The New York Times finally gets hip to the new folk/weird America thing.
Arthur receives a passing mention.
By WILL HERMES
Published: June 18, 2006
ASA IRONS of the Vermont musical collective Feathers is stroking his beard. It is formidable beard; a biblical beard. He and his band mates—who mainly operate out of a rural farmhouse without cellphones, Internet, manager or booking agent—are at WNYC radio to perform their enigmatic, pixie-ish folk-rock on the long-running show “Spinning on Air.” Today their instruments include a lap harp, a toy xylophone, a Middle Eastern hand drum and an acoustic guitar hand-painted with animals and rainbows.
Ruth Garbus, a dark-eyed 24-year-old whose T-shirt depicts tractors flying through space, is talking about conjuring mystery with music, “that whole psychedelic thing of letting your mind go where it will.” Mr. Irons, 24, his long hair tied up in a bun, chimes in with a story about working as a carpenter and about growing up with parents who were “woods hippies, not town hippies.”
“I’m all about the old world, man,” Mr. Irons says with a mischievous laugh.
Perhaps. But he and his band mates are also about a new world: one of the most creatively vigorous strains of underground music. Initially dubbed “freak folk,” it looked like a trend of the moment a couple of years ago, when two California artists, Joanna Newsom and Devendra Banhart, attracted attention with charmingly shaggy, deceptively whimsical, largely acoustic albums.
But the scene they spearheaded has grown steadily and expanded sonically, getting less folkie and more, well, freaky. It has also gone international. And this season—the Summer of Love 2.0—it comes into full, wild bloom with releases, tours and festival appearances that promise nothing less than a new age of Aquarius.
The new music is more a mind-set than a genre. It usually employs acoustic instruments, though it’s as likely to have roots in progressive rock, free jazz or Brazilian pop as in Appalachian ballads.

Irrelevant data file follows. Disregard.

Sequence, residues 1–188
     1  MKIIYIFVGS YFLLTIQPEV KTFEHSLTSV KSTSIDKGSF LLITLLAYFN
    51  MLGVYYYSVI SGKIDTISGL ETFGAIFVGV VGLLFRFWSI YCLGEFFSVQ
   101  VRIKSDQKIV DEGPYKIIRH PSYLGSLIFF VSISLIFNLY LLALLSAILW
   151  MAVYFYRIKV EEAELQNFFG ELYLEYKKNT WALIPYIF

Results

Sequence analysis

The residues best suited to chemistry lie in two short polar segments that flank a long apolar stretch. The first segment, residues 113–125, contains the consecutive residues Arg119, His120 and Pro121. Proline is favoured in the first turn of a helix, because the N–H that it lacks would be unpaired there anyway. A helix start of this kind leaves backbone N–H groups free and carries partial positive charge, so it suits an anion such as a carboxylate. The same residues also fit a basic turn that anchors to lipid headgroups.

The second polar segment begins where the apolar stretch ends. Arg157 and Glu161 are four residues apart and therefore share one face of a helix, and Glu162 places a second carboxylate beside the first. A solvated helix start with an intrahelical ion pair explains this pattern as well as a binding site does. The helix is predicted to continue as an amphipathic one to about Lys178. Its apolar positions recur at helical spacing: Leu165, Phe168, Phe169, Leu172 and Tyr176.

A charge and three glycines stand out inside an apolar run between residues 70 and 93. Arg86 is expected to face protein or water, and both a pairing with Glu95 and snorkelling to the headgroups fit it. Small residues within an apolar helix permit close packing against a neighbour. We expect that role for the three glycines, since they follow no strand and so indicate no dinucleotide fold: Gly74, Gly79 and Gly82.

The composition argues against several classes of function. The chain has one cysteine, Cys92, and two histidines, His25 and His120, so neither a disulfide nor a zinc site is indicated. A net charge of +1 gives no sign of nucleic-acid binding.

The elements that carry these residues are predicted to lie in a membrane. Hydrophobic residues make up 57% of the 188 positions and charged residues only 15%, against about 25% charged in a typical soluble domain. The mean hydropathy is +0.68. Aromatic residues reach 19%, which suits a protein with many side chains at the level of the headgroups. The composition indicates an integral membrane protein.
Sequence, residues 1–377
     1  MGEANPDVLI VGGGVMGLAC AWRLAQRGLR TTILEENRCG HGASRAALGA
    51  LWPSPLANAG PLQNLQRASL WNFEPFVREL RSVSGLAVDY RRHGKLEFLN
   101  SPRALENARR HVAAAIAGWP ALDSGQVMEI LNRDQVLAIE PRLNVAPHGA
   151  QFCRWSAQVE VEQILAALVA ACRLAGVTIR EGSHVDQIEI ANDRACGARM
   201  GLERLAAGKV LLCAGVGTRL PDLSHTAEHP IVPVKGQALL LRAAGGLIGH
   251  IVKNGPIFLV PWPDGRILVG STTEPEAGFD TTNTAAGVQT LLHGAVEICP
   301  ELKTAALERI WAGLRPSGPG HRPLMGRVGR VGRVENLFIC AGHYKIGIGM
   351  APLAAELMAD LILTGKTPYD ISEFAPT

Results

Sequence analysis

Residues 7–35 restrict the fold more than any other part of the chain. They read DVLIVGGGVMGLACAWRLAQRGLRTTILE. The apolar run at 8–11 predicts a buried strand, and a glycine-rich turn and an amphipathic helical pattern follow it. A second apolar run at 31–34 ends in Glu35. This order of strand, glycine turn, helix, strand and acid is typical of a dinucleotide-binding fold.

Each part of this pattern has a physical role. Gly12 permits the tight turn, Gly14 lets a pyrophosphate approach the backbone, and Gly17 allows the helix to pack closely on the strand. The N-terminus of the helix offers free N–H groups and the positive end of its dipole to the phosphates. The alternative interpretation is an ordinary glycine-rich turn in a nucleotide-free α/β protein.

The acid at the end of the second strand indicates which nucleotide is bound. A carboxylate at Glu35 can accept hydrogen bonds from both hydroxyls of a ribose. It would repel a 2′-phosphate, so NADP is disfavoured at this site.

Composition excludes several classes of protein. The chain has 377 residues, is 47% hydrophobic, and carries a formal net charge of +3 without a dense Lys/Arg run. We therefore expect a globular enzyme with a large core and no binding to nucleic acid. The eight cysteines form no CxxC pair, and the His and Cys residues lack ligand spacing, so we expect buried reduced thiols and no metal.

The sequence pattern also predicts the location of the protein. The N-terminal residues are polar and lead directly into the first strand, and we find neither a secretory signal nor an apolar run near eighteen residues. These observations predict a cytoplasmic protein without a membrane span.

Vocals tend toward the willfully eccentric, arrangements toward the exotic, lyrics toward the oblique. The sound can range from gentle ensemble music befitting a Renaissance fair to electric psychedelia befitting an acid test. The musicians often conjure the 60’s in grooming and countercultural/utopian/back-to-the-land vibe. Many are friends, cultivating a communal network of informal collaboration: they tour together, play on one another’s records and sing one another’s praises. But with a tendency toward art that’s both homespun and solipsistic, and that shows little interest in music industry trappings, they can seem less interested in Making It Big than in keeping it small.
Still, the music is on the rise: for every backwoods group of musicians like Feathers, there are equally beguiling bands like Lavender Diamond, which is based in Los Angeles and engaged a publicity firm before even making a full album. This summer kindred bands like the darkly pastoral Espers, the gorgeously lyrical Vetiver, the raging Comets on Fire, the entrancing Six Organs of Admittance, the boogie-rocking Howlin Rain, the molasses-grooved Brightblack Morning Light, the computer-enhanced Tunng, the improvisatory Wooden Wand and the noisily experimental Grizzly Bear are all releasing CD’s, as are others—Jolie Holland, Ane Brun, Cibelle, Juana Molina and M. Ward—less connected to the scene but reflecting its aesthetics. And that’s not to mention promising artists like Alela Diane (www.myspace.com/alelamusic) who are popping up almost daily on Internet showcases.
These acts mainly play clubs, and their records remain tiny blips on SoundScan. But that may soon change. Virtually every major indie-rock label has embraced the style, including many veteran marketers of punk attitude that would recently have avoided anything vaguely “hippie.” Even Warp, the standard-bearer of British techno, has signed the woodsy Grizzly Bear. And Mr. Banhart is now signed to the hot British XL label, home to the White Stripes and Radiohead’s Thom Yorke.
If the major labels are lagging—well, that’s what major labels do. But with the endless-summer, hippie-folk-lite of Jack Johnson hitting No. 1 on the charts earlier this year, they probably won’t be for long.